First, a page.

It’s summer, and the weather and barrel racing season are heating up — leaving you in a quandary. You have a green horse and your first race is just a week away. Yet the weather forecaster is predicting scorching temperatures and suffocating humidity. What’s a rider to do? Give up on riding because of the oppressive heat, or continue working your horse while praying for the best?
Horses Do Sweat It
Horses and primates (including humans) are the only mammals that have sweat glands all over their bodies and use sweating as their primary means to cool down. As sweat evaporates from a horse’s body, the water changes from a liquid to a gas while absorbing the heat from your mount’s skin, leaving it cooler. Unfortunately, when the weather is humid, sweat can’t evaporate as quickly and, thus, can’t provide the cooling relief your horse requires. This could lead to heat stress or even life-threatening heat stroke in horses.
The Danger Zone
What are the signs that your horse is suffering from heat exhaustion or heat stroke? Learn more below.
• Temperature of 102 to 106 degrees Fahrenheit or above
• Profuse sweating
• Skin may feel cool even though the body temperature is elevated
• Skin is hot and dry
• Rapid breathing
• Temperature of 106 to 110 degrees Fahrenheit
If you believe that your horse is experiencing heat stress or heat stroke, stop riding immediately and remove its tack. Get your equine into a shady area, and then call your vet. While you’re waiting for the veterinarian to arrive, start wetting your horse’s body with cool — not cold — water. Begin with its hooves and legs, and work your way to its head. To prevent muscle cramping, try to walk your horse every five to 10 minutes, so that the heat can be released from its muscles. You should also allow your horse to drink small amounts of water every 15 minutes or so. Remember, though, never allow a too-hot-to-ride horse to drink a large amount of water all at once. This could lead to foundering or colic.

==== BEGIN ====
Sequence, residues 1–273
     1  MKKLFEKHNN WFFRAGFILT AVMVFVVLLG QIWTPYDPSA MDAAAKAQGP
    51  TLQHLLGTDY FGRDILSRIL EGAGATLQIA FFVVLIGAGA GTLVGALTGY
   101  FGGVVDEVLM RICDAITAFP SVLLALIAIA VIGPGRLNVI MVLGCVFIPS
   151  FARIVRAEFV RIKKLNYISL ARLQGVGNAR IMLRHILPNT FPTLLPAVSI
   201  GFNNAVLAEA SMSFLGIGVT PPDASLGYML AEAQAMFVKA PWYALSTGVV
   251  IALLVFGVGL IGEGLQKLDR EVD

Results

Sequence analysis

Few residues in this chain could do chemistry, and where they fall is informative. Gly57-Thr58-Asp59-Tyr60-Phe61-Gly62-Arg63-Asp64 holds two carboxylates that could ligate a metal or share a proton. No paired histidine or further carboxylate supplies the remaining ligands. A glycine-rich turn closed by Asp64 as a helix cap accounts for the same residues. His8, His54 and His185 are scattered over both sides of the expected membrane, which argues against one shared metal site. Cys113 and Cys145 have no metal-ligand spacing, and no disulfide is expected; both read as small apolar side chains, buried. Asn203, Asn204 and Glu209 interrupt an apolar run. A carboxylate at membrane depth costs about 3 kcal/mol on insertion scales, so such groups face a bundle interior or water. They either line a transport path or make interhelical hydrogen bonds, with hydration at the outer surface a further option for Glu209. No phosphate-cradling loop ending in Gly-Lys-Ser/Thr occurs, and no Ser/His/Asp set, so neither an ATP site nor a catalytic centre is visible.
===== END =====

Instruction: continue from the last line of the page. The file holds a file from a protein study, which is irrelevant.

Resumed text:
Avoiding Heat Stress
Have you ever wondered what temperature is considered too hot to ride? Most experts suggest using this formula to determine whether or not you should work your horse:
Add the temperature in Fahrenheit together with the percentage of relative humidity.
For example, if it’s 80 degrees and the humidity is 50 percent, your number will be 130.
If your sum is …
• Less than 130: Horses can be ridden if proper hydration is provided.
• 130-170: Be cautious. Your horse’s ability to cool itself will be compromised by the heat and humidity.
• 170 or above: Don’t ride. It only takes about 15 minutes of moderate exercise to raise your horse’s temperature to a dangerous, potentially life-threatening level.
Even if your sum is below 170, consider waking up extra early to ride when it’s hot. Riding when the weather is still cool and there are fewer biting insects to contend with can be ideal for you and your horse.
What to Wear When Horseback Riding in the Summer
Your horse isn’t the only one that suffers when temperatures rise. Hot, sticky days can make riding positively miserable. Thanks to modern technology, however, there are now pieces of clothing available on the market that have been designed to help you stay cool, including:
• Shirts with internal cooling technology fabric: The material used for these shirts has sweat-activated cooling properties.
• Cooling vest:Just dunk this vest in cold water, wring and then wear. It is designed to keep you cool for at least several hours.
• Riding tights:Because they’re lightweight, tights can feel much cooler than breeches or jeans in the summer.
Finally, Keep Your Horse’s Back Cool
Don’t throw just any saddle blanket on your horse’s back. Instead, choose a wool one. Compared to synthetic materials, wool boasts superior moisture-wicking properties that will help your horse’s back remain cooler.
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